Pregnant women may also be at risk of developing tooth decay due to behavioral changes, such as eating habits. Women who have many bacteria that cause cavities during pregnancy and after delivery may transmit these bacteria from the baby's mouth to the baby's mouth. Caries (also called cavities or cavities). These are small, damaged areas on the surface of the teeth.
Being pregnant makes you more likely to have cavities. You can transmit the bacteria that cause cavities to your baby during pregnancy and after birth. This can cause problems with the baby's teeth later in life. Pregnant women are also more likely to have cavities and cavities.
During pregnancy, a woman may be more prone to tooth decay. This is due to hormonal changes that cause saliva to be more acidic.
To reduce this acidity and avoid plaque buildup, brush your teeth twice a day. Be sure to floss daily as well.
During pregnancy, women experience many changes that affect nearly every part of their body. The most significant of these changes are hormonal shifts.
The levels of estrogen and progesterone rise to unusually high levels, which are primarily responsible for the development of the fetus. In addition, other hormones such as human chorionic gonadotropin (hCG), prolactin and oxytocin fluctuate in response to the uterus’s expansion.
One of the most common effects of pregnancy hormones on your teeth is inflammation of the gum tissues. This is called pregnancy gingivitis.
Pregnancy gingivitis is usually mild and reversible, but it can cause tooth decay if it is not addressed. It also increases the sensitivity of your gums to plaque.
This effect of hormonal changes is especially important to keep in mind during the third and final months of pregnancy, when women often notice small berry-colored growths of gum tissue at the gum line or between the teeth. These are commonly referred to as “pregnancy tumors.”
Unusual Food Cravings
Pregnancy is one of the most dramatic and intensive changes in a woman’s body. It’s easy to see why pregnant women tend to crave all sorts of different foods.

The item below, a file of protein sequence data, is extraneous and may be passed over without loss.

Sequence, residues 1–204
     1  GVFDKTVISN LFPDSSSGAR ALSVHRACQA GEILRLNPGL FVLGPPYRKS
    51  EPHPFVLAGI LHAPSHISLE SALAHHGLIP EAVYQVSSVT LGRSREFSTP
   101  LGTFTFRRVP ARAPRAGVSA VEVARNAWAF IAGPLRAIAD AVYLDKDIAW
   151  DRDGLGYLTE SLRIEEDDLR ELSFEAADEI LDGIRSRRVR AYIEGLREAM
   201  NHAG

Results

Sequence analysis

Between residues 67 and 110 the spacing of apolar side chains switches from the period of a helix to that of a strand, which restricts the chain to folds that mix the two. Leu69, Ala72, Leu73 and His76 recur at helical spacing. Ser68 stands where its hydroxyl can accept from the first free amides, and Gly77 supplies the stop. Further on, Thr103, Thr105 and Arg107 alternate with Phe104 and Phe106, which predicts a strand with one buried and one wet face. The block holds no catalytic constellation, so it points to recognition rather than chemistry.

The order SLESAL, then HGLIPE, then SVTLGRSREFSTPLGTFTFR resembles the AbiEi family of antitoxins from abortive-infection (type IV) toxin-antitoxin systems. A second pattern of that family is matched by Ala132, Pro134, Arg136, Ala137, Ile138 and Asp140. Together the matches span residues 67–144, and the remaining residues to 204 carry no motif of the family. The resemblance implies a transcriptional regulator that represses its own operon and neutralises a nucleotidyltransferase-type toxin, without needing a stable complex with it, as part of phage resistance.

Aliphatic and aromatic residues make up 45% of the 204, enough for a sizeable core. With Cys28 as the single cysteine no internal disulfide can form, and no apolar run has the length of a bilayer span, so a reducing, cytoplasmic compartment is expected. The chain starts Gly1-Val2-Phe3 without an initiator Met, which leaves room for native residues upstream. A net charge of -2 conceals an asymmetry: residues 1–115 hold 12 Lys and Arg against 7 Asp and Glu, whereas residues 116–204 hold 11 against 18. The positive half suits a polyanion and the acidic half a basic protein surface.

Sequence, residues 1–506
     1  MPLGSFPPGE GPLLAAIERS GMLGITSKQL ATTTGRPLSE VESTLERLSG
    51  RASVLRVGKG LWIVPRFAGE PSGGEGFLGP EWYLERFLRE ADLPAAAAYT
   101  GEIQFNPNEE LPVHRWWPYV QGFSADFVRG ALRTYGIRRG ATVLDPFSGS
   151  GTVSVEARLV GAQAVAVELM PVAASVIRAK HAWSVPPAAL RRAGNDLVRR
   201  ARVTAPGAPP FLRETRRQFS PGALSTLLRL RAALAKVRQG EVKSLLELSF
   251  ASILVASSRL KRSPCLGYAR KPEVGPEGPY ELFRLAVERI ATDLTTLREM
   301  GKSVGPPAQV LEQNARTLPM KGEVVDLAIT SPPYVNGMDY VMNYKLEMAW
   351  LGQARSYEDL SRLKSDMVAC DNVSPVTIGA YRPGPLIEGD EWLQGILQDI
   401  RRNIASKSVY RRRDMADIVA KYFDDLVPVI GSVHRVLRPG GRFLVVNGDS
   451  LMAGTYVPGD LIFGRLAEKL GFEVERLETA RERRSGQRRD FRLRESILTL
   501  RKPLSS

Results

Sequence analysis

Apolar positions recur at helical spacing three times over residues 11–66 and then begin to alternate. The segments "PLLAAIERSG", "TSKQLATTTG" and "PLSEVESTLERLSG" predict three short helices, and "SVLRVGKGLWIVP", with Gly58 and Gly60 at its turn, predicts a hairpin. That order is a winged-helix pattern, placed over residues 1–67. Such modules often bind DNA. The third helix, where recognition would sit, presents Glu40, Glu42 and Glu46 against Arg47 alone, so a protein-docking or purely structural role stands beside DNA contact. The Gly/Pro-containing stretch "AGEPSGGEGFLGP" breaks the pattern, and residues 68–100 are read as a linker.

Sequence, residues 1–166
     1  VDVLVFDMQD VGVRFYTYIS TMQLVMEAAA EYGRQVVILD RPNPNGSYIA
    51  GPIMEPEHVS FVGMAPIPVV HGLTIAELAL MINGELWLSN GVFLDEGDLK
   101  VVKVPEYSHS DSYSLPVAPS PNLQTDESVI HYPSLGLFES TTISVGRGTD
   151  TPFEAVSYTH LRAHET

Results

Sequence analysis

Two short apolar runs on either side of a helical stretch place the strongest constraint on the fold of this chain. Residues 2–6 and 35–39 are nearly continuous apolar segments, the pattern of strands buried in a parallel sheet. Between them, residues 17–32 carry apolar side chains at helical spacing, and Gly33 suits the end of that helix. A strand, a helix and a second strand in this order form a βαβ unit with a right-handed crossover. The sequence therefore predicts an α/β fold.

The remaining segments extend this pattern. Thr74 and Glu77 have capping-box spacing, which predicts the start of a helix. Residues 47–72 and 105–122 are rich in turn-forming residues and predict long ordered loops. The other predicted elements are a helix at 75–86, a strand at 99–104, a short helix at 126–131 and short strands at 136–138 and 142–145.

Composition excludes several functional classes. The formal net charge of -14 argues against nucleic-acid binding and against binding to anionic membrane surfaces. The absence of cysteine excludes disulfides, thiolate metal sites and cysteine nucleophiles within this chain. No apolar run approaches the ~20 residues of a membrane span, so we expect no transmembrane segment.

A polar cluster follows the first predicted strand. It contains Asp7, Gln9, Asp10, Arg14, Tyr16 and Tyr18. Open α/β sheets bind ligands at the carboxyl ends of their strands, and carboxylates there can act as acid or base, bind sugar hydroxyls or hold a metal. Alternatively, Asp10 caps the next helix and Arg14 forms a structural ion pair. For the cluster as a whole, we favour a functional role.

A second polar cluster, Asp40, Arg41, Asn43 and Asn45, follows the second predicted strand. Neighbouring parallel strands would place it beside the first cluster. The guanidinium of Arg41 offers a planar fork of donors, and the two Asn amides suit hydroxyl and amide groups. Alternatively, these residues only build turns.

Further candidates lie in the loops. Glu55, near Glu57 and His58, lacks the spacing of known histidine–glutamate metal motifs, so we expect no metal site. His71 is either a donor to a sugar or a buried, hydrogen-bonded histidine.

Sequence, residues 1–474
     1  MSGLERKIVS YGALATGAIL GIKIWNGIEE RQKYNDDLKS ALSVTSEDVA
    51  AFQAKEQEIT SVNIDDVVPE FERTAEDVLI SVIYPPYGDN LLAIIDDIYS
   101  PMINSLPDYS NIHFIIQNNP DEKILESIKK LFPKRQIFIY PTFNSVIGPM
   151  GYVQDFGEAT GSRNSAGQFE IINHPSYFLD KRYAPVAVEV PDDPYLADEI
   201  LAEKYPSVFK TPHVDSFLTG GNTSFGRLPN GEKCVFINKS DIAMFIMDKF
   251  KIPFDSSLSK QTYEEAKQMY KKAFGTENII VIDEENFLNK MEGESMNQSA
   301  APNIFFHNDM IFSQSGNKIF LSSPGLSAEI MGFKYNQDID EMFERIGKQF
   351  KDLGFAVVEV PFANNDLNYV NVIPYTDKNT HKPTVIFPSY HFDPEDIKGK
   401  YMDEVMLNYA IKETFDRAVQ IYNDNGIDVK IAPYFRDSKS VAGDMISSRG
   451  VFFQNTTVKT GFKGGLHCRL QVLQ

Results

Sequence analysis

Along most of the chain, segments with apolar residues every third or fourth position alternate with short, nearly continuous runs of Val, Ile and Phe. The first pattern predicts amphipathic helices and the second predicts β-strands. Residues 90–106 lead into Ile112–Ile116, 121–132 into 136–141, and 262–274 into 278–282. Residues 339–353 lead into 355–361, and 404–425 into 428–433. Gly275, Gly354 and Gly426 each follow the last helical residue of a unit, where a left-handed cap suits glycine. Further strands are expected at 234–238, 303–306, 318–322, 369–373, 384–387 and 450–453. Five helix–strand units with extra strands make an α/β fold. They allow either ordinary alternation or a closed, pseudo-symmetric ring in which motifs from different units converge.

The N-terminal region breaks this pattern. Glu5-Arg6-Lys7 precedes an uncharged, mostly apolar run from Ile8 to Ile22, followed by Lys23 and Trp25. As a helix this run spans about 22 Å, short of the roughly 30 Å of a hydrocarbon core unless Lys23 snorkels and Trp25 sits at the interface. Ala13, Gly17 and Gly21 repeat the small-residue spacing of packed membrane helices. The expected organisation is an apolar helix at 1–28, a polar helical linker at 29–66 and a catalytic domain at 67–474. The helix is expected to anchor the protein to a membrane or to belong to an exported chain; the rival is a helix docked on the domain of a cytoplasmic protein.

While most of these cravings are harmless, sometimes women want to eat things that we wouldn’t normally consider edible. Those cravings are called pica.
Whether you’re craving pickles and ice cream or a combination of sauerkraut on peanut butter toast, it’s a good idea to talk to your doctor about these odd pregnancy cravings.
Don’t feel embarrassed about them; it’s not uncommon for expectant mothers to experience strange food cravings, and they often let up after the first trimester.
On the other hand, some women may have cravings for non-food items like dirt, chalk, paint chips, or ice. This is called pica, and it can be a sign of a nutrient deficiency or other health problem.
Snacking is a natural part of a balanced diet, but too much snacking can lead to obesity and tooth decay. Snacks are often a source of sugar and unhealthy fats that can be detrimental to your health and weight.
Snacks should be small, healthy and not include junk foods like chips or ice cream. Instead, snack on fresh fruit, vegetables, lean meats or cheese.
To help avoid dental problems during pregnancy, brush and floss regularly. Pregnant women should also have a visit to the dentist to assess any possible dental issues that may be present before they become a serious problem.
Using a negative binomial hurdle model, we identified risk indicators associated with presence of tooth decay and number of decayed teeth (Table 2). Non-French nationality, lower age groups, low educational level and high quantity of plaque were independently associated with tooth decay.
Growths of the Gums